Lots of yoga to be explored off of the mat during these uncertain times we find ourselves in.
Satya is the Sanskrit word for truth. It is one of the 5 Yamas (ethical considerations) in Ashtanga yoga. It refers to being truthful not only with one's words, but also thoughts and actions. when practicing Satya we restrain ourselves from falsehoods and the distortion of reality in our expressions and actions.
Ahimsa means non-violence or non-harming. In observing ahimsa we refrain from actions that harm living creatures by not only deeds but also words and thoughts.
Here we have two newspaper front pages. Compare and contrast. Their content is broadly the same, and is satya. But is it? Do either communicate the information in a way which distorts? They create quite different realities with their words.
Does one use language which is more emotive, more likely to induce panic, more likely to create harm?
I am going to say yes. You may disagree. I am going to say yes based on the context of my 'waste of time subject' A-Level Media Studies; the half my childhood spent hanging around my parents' newsagents when there was nothing to do apart from read every newspaper to while away the hours, especially on the 6-9pm shift; the college and university years of psychology and the influence of people like my MSc supervisor whose PhD supervisor was MIT linguist Noam Chomsky, where I was introduced to the ideas and evidence that language influences and creates everything from gender identity, to racial prejudice, to the politics of fear.
Language reports. But it also creates. The two can be quite different beasts.
I've had a few conversations in the last 48 hours where I went away and fact checked things people had 'heard'. And these checks found that what they'd heard, and retold, wasn't true at all. Or was an exageration or distortion. I am sure they didn't mean to pass on falsehoods, but they had.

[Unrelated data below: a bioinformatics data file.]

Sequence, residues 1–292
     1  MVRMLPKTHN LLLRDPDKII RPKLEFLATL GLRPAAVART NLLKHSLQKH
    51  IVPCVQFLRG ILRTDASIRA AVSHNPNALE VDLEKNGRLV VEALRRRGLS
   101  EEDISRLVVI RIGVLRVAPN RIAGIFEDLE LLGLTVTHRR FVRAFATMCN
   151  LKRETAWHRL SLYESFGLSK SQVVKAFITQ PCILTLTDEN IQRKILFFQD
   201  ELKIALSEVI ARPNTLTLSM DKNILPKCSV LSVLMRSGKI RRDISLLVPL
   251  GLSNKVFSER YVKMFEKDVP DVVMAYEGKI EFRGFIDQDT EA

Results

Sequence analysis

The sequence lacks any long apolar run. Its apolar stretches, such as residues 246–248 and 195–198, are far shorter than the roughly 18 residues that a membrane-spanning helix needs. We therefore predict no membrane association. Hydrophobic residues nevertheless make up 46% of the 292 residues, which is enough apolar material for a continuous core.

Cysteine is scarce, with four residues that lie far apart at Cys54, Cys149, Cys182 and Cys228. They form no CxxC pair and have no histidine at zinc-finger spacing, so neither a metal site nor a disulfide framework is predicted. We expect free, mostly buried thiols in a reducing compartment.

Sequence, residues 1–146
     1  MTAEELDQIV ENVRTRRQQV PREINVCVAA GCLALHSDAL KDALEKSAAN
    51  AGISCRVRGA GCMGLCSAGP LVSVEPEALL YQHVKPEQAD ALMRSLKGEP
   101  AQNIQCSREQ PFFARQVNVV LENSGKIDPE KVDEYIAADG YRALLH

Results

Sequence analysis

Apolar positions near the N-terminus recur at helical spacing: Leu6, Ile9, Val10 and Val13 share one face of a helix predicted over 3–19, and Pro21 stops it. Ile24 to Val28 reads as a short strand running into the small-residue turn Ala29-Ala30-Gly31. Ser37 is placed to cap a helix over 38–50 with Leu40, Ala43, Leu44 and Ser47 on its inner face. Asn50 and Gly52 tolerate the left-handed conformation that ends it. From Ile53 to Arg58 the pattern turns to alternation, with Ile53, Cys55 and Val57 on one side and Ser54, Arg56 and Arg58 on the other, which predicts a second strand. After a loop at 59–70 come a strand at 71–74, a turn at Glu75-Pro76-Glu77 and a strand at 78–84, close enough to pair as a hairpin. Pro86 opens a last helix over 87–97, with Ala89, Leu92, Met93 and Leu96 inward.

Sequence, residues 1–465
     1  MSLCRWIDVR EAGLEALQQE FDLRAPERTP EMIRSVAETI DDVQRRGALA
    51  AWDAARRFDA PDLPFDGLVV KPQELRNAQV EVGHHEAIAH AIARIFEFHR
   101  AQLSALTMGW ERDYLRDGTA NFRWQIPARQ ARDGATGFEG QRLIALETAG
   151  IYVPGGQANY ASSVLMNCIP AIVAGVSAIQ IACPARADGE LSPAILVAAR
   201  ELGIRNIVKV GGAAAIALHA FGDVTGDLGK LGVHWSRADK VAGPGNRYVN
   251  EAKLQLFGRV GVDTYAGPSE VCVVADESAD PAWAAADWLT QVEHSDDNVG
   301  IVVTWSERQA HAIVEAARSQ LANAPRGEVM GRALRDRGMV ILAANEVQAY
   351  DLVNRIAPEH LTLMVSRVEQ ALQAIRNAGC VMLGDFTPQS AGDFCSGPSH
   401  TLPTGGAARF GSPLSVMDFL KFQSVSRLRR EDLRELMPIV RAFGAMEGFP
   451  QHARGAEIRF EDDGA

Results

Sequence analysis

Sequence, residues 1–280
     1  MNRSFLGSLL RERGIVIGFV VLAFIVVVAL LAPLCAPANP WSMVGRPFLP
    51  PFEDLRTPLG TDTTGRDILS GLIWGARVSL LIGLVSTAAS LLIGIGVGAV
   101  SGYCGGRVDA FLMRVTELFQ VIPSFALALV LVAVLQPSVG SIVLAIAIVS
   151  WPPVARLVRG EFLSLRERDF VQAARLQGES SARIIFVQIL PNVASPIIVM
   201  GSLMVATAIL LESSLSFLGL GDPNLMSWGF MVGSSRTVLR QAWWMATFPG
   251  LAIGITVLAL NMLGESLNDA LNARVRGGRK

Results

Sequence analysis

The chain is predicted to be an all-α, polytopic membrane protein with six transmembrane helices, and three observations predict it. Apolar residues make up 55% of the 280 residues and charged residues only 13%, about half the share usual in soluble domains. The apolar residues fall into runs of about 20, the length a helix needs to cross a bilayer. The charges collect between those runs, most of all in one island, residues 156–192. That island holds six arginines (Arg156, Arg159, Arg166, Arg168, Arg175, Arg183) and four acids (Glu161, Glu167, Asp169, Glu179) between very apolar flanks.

I've had reassuring and helpful conversations with a neighbour who just happens to be an environmental health practitioner, whose day-to-day work includes outbreaks and disease management (because of the natural self-isolation most people in London impose on themselves once they get home in the evening, I had no idea).
I've also seen and spoken with people previously calm about the virus who are now reposting things on social media which err on the side of panic.
These things might reflect your own feelings, undoubtably if you're reposting them they do, as we curate our echo chambers on social media. But shouting into the void isn't shouting into the void. It is seen and it may perpetuate or fan the flames of panic.
If you repost something, or hear something, I urge you to check first: is it satya? Will this action be ahimsa? Even one of my favourite things, statistics - 'numerical facts!' you cry - can be spun, misinterpreted, and are meaningless without context of population, or depending on the variations between one cohort and another.
Let's reflect and breathe. Let's take responsibility for our actions, practice sauca (cleanliness), and protect our vulnerable.
The divine in me bows to the divine in you.